• Travelers are happy to get back on track, but really feel it’s important to share ancillary information.
  • Vagrants are not avoiding conversation, but will talk at length about important and unimportant topics.

Again, be aware of these two tendencies, as either one will take you off topic, however, the methods of dealing with people who drift are very different from dealing with people whose conversation wanders (fodder for a future article). blog)

Strategies to overcome deviations

If you want to put an end to the seemingly endless set of diversions that your partner, friend, co-worker, or client seems to throw at you, you’re going to have to confront that person the next time it happens. This can be difficult, as I have found that most people prefer not to confrontation, even though the kind of confrontation I am talking about is quite benign and can be done compassionately. Let me provide some examples.

Diversion tactic: change the questions

Problem – In a conversation you ask a person a serious question (perhaps about his wishes for the future, goals, his vision), and he responds by asking you a question. One of my favorites was a client who avoided questions by letting me know what a great coach he was and asking me who my manager was so he could congratulate me.

Strategy – Let them know you’d be happy to talk about it later. Right now you are interested in them. Ask the question again.

Diversion tactic: change the subject

Problem – You are talking to a friend, co-worker, client, etc. and again you have some important questions to ask. You have been trying to get an answer on this topic for a while. When you ask, the answer is a complete change of subject with a cheerful tone. Again, one of my personal favorites was a client who got sidetracked into talking about the Minnesota Vikings no matter what the conversation we were having was related to.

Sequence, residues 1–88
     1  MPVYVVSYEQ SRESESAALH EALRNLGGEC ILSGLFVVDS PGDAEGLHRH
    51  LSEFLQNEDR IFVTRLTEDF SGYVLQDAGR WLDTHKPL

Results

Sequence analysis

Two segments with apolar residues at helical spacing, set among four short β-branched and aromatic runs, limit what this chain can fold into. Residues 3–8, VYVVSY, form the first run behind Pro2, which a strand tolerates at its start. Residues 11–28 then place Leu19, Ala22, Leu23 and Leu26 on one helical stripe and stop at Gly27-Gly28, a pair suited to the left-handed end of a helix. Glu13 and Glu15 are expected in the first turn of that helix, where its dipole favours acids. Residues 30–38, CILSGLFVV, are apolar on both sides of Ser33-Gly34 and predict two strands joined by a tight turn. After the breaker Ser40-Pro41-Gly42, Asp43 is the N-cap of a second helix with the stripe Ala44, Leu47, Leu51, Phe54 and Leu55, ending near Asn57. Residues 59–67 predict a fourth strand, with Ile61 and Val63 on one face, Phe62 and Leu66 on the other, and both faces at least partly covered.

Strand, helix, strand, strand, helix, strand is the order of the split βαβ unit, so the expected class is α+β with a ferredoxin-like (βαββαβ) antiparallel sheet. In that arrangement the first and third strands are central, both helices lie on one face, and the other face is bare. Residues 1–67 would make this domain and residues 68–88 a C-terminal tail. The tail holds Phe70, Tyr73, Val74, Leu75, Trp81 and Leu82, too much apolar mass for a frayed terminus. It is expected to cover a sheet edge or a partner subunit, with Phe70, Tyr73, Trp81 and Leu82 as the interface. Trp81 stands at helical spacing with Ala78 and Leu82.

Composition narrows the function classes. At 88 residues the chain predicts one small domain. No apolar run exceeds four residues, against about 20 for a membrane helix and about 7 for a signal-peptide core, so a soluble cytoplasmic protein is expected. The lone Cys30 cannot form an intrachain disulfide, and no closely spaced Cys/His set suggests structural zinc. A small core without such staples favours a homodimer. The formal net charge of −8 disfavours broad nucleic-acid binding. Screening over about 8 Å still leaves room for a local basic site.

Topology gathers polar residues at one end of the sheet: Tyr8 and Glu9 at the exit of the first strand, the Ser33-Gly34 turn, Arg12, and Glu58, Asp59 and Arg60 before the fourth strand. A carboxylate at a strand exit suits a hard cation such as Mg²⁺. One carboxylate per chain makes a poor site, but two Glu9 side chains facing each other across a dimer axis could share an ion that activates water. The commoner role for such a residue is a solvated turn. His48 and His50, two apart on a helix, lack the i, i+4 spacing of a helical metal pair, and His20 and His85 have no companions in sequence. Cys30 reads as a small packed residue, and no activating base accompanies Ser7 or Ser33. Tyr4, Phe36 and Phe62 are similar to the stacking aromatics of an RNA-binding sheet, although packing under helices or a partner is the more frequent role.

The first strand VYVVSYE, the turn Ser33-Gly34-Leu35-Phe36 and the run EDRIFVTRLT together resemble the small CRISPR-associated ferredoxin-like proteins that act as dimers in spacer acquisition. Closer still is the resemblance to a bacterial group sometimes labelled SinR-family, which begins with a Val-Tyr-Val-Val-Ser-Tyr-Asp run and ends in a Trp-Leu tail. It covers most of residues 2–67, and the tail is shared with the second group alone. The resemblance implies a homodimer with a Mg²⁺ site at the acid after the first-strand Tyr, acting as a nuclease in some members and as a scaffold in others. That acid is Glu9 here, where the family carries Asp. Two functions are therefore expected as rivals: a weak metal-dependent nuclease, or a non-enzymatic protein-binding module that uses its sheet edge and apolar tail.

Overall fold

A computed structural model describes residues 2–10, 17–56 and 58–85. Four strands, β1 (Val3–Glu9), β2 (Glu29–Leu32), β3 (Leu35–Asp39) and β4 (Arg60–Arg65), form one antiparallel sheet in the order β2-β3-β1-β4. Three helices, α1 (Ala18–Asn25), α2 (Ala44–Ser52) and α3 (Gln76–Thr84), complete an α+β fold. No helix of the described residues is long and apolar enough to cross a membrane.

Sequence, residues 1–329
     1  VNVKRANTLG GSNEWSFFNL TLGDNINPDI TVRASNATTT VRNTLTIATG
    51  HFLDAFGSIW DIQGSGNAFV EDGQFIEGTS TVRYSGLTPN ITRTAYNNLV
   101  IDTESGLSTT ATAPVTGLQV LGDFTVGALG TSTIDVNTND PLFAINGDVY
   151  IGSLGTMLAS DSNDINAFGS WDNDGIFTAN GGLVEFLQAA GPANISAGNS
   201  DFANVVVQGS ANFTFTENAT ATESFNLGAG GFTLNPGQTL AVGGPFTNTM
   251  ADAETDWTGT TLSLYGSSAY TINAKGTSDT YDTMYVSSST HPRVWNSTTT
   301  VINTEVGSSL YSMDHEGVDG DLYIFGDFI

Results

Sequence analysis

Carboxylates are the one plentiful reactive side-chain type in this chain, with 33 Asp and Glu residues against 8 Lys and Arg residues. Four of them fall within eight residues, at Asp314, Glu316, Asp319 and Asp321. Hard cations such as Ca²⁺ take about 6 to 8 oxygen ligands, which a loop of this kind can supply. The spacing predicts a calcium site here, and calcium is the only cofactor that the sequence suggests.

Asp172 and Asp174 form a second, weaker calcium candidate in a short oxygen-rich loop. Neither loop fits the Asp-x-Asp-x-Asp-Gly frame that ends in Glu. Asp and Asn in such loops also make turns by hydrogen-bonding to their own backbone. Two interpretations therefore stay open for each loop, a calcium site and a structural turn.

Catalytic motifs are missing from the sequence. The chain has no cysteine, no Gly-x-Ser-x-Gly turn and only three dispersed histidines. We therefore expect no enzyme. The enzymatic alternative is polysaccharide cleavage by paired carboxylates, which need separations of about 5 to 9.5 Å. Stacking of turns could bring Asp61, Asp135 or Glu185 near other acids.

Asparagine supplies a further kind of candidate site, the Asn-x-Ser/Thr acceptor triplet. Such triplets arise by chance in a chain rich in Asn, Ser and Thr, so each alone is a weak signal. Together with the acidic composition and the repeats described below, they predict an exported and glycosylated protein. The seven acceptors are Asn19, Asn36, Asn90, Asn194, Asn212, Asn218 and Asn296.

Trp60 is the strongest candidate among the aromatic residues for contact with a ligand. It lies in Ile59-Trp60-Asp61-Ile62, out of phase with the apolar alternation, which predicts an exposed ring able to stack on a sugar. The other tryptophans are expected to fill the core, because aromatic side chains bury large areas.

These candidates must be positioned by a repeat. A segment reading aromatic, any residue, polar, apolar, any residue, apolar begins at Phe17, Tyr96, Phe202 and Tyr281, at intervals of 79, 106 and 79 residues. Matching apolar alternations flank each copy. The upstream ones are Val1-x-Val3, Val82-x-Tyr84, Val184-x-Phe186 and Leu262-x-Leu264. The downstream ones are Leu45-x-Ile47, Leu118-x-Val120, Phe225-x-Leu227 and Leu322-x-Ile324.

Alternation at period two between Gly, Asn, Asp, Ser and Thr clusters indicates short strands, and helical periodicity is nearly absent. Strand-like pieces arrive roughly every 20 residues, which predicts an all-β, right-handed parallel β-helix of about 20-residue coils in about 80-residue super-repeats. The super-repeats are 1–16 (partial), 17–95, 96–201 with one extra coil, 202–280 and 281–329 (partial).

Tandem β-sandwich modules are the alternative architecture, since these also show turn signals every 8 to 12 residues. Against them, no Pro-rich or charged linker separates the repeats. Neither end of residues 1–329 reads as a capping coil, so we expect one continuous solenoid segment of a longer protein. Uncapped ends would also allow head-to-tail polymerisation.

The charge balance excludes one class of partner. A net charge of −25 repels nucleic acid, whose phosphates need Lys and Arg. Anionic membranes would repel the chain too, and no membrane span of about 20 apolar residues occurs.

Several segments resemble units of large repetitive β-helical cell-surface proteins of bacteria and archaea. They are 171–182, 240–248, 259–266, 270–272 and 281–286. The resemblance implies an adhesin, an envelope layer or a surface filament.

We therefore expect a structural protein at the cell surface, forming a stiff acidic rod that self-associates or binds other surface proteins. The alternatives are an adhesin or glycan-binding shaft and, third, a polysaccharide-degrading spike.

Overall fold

Strategy – Confront them about what they are doing. What do you notice happens to our conversation each time I mention x, y, z? When asked a question that confronts them about the act of what they’re doing, it becomes very difficult to do more of the same (ie, my friend above would have a hard time asking me if I watched the Vikings game or not after doing that question!)

Deflection Tactic – The Joker

Problem – Every time you bring up an important topic, ‘The Joker’ is answered with a devious, simple and cheerful joke. They often have a smile and make others around them smile, so they are a little harder to deal with.

Strategy – Appeal to their kindness and refocus. One might say – that’s funny. I really appreciate your good character and humor. Now if you don’t mind, this topic is really important to discuss: tell me about x, y, z.

Diversion Tactic – Apologies

Problem – You have tried to have a serious discussion with someone about a topic and every time you bring it up, instead of getting to the heart of the matter, the deflector makes excuses, tells you his life story and avoids the important thing for you to discuss by saying that we’ll get to that later.

Strategy – Listen, recognize and ask again. The person who is avoiding a conversation by throwing out a series of excuses is overwhelmed and her priorities are not the same as yours. They would usually be open to having this conversation, but it’s hard for them to deal with what you’re talking about right now. They are indirectly letting you know that they need to be heard. They need support too, so maybe you can offer that support. Give them some space, let them vent, let them know you understand things are tough. Once you’ve allowed them to clarify their thoughts, they may be open to discussing the topic you’re interested in discussing.